Email sent to ECOA Law School instructors
Sent: 8/5/2010 ______.M. Central Daylight Time
Subj: ECOA Law School and the civil liability system
The online course description for this year's inaugural program says, "A genuine understanding of pertinent legal and regulatory standards is critical for ethics and compliance (E&C) officers who seek to be effective. . . . ECOA Law School provides a dynamic learning experience that focuses exclusively on the many U.S. and multinational areas of law and regulation that all E&C officers should understand."
This course description can be analyzed thusly: "Compliance" means compliance with the law, and an important component of ethical conduct is to obey the law. Accordingly there is a significant need of E&C officers to be knowledgeable about prescriptive substantive law that governs a corporation's activities and thereby have knowledge about what acts of the corporation and its employees will violate the law and when the acts of the corporation and its employess will not be in violation of the law.
Also, the law has provisions for obtaining compliance with its prescriptive rules. These include criminal law punishments, civil law fines and liabilities, and regulatory enforcement apparatus. E&C officers also need to be knowledgeable about these provisions, how they operate to obtain compliance, and how effective they are in obtaining compliance. These provisions of the law have an interaction with corporate ethics and compliance programs that E&C officers develop and oversee to achieve their ethics and compliance objectives. Thus knowledge about these provisions of the law is also very important for E&C officers.
In this mosaic of the law, there is an overlay that significantly affects the operation of the prescriptive law, that also impacts how the law obtains compliance, and that seems deserving of attention by the ECOA Law School, but it does not appear to be covered by the course agenda. This overlay is the civil law liability system and aspects of it that I discuss in my online article Does the Civil Liability System Undermine Business Ethics? .
To indicate the relevance of this first to how the law tries to obtain compliance, consider the attention that ethicists have paid to the criminal law, how it operates to obtain compliance, the effectiveness of the criminal law in prosecuting corporations versus prosecuting officers and employees criminally, and ideas for the criminal law to be more effective. The civil liability system has a deterrence objective, and there are significant, similar questions about the effectiveness of that deterrence, including depending on whether only the corporation is held liable or whether officers and employees are also held accountable for their contribution to a corporate wrongdoing that results in a corporate liability. It appears that Mr. Kaplan's presentation will discuss the criminal law, but the course agenda appears silent about how the civil liability system operates to obtain compliance.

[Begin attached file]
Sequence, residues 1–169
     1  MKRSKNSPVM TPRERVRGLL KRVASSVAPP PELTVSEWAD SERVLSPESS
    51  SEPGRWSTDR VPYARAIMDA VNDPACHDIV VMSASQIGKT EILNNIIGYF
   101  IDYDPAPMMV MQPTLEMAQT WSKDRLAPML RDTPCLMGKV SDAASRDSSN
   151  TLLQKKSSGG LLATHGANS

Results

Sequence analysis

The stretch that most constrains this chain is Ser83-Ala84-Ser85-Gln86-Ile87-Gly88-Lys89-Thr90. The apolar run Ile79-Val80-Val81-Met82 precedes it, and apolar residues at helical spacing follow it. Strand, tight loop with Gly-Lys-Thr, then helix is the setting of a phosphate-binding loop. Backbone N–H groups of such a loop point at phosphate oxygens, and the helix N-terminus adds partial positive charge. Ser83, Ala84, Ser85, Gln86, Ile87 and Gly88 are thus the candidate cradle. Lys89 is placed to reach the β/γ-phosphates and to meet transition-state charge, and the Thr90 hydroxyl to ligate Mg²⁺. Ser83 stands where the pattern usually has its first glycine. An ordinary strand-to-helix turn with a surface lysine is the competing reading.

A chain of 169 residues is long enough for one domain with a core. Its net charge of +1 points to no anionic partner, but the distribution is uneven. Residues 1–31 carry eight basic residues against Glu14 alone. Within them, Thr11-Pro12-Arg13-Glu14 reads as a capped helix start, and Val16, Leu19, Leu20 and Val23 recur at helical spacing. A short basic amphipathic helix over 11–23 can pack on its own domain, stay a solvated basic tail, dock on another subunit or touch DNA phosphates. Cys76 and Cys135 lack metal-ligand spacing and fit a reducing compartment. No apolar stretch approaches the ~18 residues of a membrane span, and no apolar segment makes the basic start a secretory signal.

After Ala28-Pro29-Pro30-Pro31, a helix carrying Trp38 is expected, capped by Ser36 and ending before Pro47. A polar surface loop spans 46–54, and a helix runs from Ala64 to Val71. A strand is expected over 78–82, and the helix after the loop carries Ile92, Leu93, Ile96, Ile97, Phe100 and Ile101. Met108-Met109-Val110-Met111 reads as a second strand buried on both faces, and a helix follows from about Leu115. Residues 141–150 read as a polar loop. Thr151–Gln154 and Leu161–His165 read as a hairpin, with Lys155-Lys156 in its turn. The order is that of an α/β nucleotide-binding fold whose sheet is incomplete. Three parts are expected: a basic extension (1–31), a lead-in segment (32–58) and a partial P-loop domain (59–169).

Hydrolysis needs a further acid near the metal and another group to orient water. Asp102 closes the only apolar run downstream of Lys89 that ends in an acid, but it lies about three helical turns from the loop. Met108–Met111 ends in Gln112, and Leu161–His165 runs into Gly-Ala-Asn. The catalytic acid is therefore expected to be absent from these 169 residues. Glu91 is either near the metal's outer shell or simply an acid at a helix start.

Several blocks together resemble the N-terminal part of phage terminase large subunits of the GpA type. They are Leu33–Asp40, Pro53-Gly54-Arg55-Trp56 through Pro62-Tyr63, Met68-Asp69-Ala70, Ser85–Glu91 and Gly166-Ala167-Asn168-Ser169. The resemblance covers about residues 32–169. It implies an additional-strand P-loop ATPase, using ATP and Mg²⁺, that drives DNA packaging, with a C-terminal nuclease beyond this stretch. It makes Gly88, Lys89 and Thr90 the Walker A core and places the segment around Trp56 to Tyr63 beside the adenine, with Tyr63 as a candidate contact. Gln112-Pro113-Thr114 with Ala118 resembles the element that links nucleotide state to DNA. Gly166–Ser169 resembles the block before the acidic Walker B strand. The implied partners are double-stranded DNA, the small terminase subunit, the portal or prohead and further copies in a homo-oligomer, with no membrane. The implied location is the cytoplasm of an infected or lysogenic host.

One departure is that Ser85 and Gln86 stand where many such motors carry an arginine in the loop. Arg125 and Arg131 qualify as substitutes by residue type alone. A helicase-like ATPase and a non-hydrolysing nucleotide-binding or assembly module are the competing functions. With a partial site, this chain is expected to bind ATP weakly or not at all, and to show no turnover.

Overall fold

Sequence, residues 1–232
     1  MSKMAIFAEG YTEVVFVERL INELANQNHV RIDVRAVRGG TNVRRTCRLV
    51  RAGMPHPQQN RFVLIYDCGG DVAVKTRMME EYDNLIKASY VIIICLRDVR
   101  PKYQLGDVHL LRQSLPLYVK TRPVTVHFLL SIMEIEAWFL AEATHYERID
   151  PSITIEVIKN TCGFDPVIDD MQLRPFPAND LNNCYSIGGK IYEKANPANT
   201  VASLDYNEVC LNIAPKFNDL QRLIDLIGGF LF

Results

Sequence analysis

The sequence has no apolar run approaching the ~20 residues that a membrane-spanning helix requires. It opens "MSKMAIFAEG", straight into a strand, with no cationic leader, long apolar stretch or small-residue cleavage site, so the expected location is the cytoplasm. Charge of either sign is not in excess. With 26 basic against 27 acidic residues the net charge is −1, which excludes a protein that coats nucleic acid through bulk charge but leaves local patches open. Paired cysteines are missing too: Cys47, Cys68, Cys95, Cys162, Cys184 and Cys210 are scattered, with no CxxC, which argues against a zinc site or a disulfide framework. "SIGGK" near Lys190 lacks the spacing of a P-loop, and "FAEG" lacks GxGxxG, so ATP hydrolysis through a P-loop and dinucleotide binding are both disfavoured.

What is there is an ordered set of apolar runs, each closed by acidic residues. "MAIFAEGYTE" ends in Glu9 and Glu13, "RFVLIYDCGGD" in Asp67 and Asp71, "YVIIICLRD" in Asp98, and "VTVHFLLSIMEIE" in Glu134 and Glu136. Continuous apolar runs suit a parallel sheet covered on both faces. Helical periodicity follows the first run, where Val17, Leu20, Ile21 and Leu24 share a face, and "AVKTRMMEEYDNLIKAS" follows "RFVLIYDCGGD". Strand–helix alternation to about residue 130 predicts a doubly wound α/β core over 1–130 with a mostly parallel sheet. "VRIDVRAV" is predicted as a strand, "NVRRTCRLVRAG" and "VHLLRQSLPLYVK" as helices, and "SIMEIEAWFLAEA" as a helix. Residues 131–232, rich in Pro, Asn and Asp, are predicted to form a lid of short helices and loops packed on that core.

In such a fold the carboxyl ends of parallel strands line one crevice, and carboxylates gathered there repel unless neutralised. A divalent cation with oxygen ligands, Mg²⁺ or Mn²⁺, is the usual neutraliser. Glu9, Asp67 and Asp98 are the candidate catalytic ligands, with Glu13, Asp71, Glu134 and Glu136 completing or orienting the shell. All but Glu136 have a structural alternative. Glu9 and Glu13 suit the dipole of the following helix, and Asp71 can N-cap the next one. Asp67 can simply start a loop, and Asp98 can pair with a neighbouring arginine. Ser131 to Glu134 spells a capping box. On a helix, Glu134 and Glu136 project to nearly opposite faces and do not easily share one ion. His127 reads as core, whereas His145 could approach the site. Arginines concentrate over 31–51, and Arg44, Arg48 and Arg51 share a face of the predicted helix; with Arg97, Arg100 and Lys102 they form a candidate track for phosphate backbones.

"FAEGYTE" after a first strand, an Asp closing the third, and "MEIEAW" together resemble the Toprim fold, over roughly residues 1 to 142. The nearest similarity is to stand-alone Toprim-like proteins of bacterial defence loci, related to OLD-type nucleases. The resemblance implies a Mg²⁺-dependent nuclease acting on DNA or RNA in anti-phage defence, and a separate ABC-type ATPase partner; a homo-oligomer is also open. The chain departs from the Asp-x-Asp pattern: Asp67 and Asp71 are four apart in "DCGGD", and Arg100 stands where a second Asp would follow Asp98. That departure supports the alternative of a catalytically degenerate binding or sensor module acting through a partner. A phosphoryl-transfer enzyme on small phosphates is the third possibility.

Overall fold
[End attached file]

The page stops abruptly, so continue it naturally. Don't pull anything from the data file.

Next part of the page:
Further, consider how the civil liability system frequently results in settlements that leave uncertain what is permissible under the prescriptive rules and what is prohibited. The mother of all sex discrimination cases (the Walmart case) has recently had class action certification affirmed by the 9th Circuit (opinion here) . If the case proceeds, it is fairly predictable that it will be settled, billions of dollars will be paid by Walmart, the settlement agreement will provide that Walmart denies that it did anything wrong, no one will be enlightened about what is permissible under the prescriptive rules and what is prohibited, and the case will only produce an in terrorum effect on corporate behavior. At a minimum, it would seem E&C officers should gain an appreciation of the widespread failure of the civil liability system to provide guidance about statutory prescriptive law and how this creates an in terrorum environment in which their corporations carry out their activities.
As another example of relevance to E&C officers, I think most would agree that the prescriptive law should and does incorporate cost/benefit principles, and cost/benefit principles have a legitimate role in ethics. Being able to think about cost/benefit principles can aid E&C officers in the prosecution of their mission. My article, however, contends that the civil liability system frequently results in a disregard of cost/benefit principles. At a minimum, E&C officers should learn about this counter force in the law, so they can adapt their own thinking and their corporate programs appropriately.
If you think I make valid points about the relevance of the civil liability system for E&C officers, I hope you will include discussion of the same in this year's ECOA Law School program.